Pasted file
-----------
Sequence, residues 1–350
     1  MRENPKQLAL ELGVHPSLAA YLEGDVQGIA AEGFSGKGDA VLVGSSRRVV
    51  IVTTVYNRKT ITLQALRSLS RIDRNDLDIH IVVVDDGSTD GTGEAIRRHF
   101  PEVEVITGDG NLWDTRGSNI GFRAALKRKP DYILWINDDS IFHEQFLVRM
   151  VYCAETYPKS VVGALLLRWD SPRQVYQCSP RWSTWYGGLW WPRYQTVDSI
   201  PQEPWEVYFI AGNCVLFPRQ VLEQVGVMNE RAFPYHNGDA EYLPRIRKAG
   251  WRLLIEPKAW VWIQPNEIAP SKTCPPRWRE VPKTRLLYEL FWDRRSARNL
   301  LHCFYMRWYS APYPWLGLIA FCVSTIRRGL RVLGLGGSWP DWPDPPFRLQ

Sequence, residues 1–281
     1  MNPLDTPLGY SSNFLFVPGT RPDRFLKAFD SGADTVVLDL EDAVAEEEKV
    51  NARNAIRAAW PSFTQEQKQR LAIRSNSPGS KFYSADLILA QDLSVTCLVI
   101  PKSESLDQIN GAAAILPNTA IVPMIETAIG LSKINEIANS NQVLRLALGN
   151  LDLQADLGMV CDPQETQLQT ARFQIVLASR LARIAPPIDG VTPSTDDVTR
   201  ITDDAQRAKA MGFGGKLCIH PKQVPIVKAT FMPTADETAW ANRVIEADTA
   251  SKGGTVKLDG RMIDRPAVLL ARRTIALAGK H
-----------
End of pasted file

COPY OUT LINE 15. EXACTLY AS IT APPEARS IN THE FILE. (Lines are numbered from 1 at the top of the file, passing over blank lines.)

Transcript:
   251  SKGGTVKLDG RMIDRPAVLL ARRTIALAGK H